Every WWDC, I hope for improvements to unit testing — but have learned to expect disappointment. So at WWDC 2018, I was surprised to have my low expectations thwarted! Xcode 10 brings changes that will improve my test-centric workflow.
For several years, Apple’s changes for test support have underwhelmed me. They focused on:
With Test-Driven Development, unit tests run locally are my primary tool. The features above may have helped some people, but I wasn’t one of them.
So what did WWDC 2018 bring me? Here’s what I see on the horizon with Xcode 10.
When you refactor, do you have unit tests covering you? …If not, why not? …If so, how do you know?
To me, it seems that the state of refactoring has gotten worse across the industry. Both managers and programmers and managers say the word “refactoring” more than ever. But they almost always mean, “I’m going to change a bunch of stuff. Then at the end, we need to make sure I didn’t break anything.”
But that’s not refactoring. That’s rewriting.
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Does your code have comments? Sometimes they’re helpful. But most of the time…
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As Jeff Atwood explains, code tells you how, comments tell you why. A well-placed code comment is a level above the code itself, explaining why something is written the way it is. But! We can express most comments as code, using well-named identifiers. The first edition of the Refactoring book called this Introduce Explaining Variable. Martin Fowler has since renamed that refactoring to Extract Variable.
It’s time for a quick exercise in code smells!
How many code smells do you see below?
When I was first learning TDD, I’d try to get to the First Step (a failing test) by writing a fully-formed test. But it often took a lot fiddling to get that test to run and fail. Sometimes this was because the production code took several steps to set up. Sometimes it was because the test code wasn’t right.
One of the tricky parts of TDD is that we’re creating two streams of code in parallel: the test code, and the production code. Two things changing at the same time… that’s a hard thing to keep in your head!
Happy new year! It seems like good time for a Quality Coding retrospective. I also want to share some goals for 2018.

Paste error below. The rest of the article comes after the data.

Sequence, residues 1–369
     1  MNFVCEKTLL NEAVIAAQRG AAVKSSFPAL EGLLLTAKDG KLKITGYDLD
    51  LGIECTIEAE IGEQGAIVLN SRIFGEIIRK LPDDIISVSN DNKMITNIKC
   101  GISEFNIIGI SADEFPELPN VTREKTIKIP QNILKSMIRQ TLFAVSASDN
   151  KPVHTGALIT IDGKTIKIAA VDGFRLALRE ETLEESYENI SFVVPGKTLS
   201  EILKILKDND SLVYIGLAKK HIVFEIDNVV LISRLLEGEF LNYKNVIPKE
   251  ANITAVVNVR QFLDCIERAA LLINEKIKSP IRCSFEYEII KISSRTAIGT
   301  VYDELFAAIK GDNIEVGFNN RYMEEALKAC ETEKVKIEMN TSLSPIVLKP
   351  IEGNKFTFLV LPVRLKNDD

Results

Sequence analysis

…Did someone say, “Are you writing a book?”
We’ve looked at ways to mock methods in Swift. But what about standalone functions? Is there a way to mock them as well?
Yes! Not only can we mock Swift standalone functions, but we can do it without changing the call sites.
We get feedback from the compiler. We get feedback from Test-Driven Development. But what sources of feedback lie in between?
This is where linters come in. A linter goes beyond “Does the code compile?” A linter answers questions like, “Is the code idiomatic? Is it stylistically clean? Are there any red flags?”
A paper published in 2013 about Test-Driven Development included the following diagram. Unfortunately, it gets some things wrong:
A tweet from Nat Pryce sparked discussion:
Grumpy request to academics: if you're going to publish ideas about how to improve TDD, get the original process right! pic.twitter.com/FaSU8CF6ol
— Nat Pryce (@natpryce) September 7, 2017
First, let me say I’m happy to see more studies on TDD. The thrust of this particular study is that TDD can be soft on negative tests. That is, maybe the code works for good data, but it’ll break on bad data.
TDD is a development discipline, so I’m all for learning more from traditional testing disciplines. I certainly don’t want to discourage folks from doing studies and writing papers.
But. Let’s first make sure we’re doing proper TDD, shall we? Otherwise any studies, especially studies about efficacy, may be flawed.
Do you enjoy conferences and workshops? Here’s my conference schedule for this fall: